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Supernatural creatures to shape shifting animals: How low will Indian TV go?

tv Updated: Jun 30, 2016 16:17 IST
Kavita Awaasthi
Kavita Awaasthi
Hindustan Times
Highlight Story

The craze for supernatural shows has increased since producer Ekta Kapoor’s weekend show, Nagin, became a TRP chartbuster.

A man turns into a tiger and goes for the kill. A nagin (shape-shifting snake) transforms into a woman, with perfect make-up, mind you, in the blink of an eye. A girl is wooed by a gorilla. Witches and ghosts live with mortals in the same house. A tantric curses a bahu to become a housefly. These are some examples of the kind of shows on Indian television today. While there may be serials that are family dramas or have the saas-bahu element, what’s raking in the ratings these days is the supernatural trend. What started as a passing fad two years ago refuses to fade away. What makes Indian viewers get hooked on to such shows and not find them regressive? How low can content on Indian television go?

No creativity, no thought

The state of television today can be blamed on the herd mentality of the shows’ makers, who don’t waste a moment to capture the hit ongoing trend. Producers and channels seem to be in a blind rush to jump on the supernatural bandwagon. The craze has increased since producer Ekta Kapoor’s weekend show, Nagin, became a TRP chartbuster. According to experts, the supernatural trend also works because instead of horrifying, the witches and nagins are beautiful women. The viewers don’t get scared.

According to experts, the supernatural trend also works because instead of horrifying, the witches and nagins are beautiful women. The viewers don’t get scared.

Follow the rut

Time and again, it dawns on the members of the TV industry that there is a dearth of high-quality shows. But soon, any discussions about the topic take a back seat. They face the huge pressure of delivering numbers. Today, TV shows have to prove their mettle in a month or less. Grabbing eyeballs through sensationalism is the only solution to achieve that target.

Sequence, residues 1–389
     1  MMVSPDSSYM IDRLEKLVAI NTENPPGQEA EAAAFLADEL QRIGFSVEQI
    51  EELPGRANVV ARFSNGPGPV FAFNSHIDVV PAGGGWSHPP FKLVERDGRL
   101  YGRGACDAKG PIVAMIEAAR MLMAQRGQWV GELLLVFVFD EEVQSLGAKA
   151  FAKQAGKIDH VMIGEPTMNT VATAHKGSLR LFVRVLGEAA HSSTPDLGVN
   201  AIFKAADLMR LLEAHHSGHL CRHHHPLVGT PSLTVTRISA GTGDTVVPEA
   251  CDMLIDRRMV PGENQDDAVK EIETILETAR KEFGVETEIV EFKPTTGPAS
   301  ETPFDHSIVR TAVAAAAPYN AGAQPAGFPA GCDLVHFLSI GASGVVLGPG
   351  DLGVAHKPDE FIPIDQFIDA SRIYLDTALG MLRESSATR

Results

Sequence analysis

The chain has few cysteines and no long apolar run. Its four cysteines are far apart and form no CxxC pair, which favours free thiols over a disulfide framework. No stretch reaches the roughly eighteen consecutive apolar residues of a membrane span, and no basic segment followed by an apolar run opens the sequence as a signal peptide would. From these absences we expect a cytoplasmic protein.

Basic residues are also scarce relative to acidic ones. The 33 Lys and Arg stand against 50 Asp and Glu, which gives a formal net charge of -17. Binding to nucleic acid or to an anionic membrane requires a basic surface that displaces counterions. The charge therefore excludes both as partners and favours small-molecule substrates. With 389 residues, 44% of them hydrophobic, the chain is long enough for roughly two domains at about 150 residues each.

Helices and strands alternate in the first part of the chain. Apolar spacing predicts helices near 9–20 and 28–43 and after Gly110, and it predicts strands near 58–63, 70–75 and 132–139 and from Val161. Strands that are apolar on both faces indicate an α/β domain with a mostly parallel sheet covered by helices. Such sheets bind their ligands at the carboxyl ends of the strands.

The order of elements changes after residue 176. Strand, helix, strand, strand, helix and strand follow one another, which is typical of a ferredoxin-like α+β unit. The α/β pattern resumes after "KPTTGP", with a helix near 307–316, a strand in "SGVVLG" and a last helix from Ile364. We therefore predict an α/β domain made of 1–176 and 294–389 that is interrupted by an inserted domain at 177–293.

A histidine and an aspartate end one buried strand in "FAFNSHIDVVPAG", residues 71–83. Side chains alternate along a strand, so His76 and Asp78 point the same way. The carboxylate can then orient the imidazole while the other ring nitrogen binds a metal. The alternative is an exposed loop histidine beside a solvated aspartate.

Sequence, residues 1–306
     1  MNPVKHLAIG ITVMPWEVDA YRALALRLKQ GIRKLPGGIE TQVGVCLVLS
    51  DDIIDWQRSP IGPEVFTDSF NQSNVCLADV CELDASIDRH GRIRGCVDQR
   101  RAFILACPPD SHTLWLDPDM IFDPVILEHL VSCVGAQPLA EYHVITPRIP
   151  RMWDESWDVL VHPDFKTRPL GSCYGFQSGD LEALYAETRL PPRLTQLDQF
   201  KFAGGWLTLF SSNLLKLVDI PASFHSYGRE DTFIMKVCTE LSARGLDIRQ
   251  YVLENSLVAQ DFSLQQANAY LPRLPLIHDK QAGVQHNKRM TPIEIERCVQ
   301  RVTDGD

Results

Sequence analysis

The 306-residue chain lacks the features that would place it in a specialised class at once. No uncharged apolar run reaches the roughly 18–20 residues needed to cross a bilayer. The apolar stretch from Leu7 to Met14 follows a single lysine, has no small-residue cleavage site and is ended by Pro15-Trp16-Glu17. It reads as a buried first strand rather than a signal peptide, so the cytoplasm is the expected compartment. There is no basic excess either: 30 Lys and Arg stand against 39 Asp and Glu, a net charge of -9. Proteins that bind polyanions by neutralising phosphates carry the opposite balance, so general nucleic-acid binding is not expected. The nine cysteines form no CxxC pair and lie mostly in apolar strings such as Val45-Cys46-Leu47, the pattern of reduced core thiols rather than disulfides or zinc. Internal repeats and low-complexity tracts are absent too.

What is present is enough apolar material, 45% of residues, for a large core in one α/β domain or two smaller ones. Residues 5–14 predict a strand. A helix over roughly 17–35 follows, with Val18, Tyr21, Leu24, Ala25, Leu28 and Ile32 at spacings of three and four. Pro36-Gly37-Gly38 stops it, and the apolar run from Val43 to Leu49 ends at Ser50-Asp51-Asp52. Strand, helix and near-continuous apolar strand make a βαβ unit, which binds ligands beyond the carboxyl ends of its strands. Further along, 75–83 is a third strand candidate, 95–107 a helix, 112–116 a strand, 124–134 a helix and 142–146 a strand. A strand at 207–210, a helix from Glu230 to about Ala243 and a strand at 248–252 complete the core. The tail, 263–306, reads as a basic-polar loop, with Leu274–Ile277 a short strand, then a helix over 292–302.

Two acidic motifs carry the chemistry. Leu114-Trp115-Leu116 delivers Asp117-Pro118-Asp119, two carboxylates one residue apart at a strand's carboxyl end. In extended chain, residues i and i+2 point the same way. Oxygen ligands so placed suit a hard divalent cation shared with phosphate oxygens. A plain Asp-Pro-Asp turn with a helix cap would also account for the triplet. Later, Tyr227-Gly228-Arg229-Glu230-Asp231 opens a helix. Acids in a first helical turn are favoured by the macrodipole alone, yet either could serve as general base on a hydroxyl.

Meanwhile, Ekta has often stated that India isn’t ready for a progressive show. “I don’t think urban audiences watch a lot of TV, whereas our target audience has grown up on a legacy that feeds on such stories,” she told HT Café earlier. She added, “The visual drama in shows like Nagin is new and appealing for the audience. Only urban viewers, who love the Twilight series and Game Of Thrones (GOT), feel a disconnect. You may have a dragon mother in GOT, but no one will watch that in India.”

It’s evident that TV show makers only seem to be getting increasingly serious about sticking to and taking the supernatural theme up a notch. Sasuraal Simar Ka (SSK) brought the icchadhari nagin track last year. Since then, the show has been going strong with various subplots about witches. Last month, they upped the quotient by turning the protagonist, Simar, into a housefly. Now, she is pregnant with a devil’s child.

Read: Supernatural content is unexplored on TV: Ekta Kapoor

Sasuraal Simar Ka (SSK) brought the icchadhari nagin track last year. Since then, the show has been going strong with various subplots about witches. Last month, they upped the quotient by turning the protagonist, Simar, into a housefly.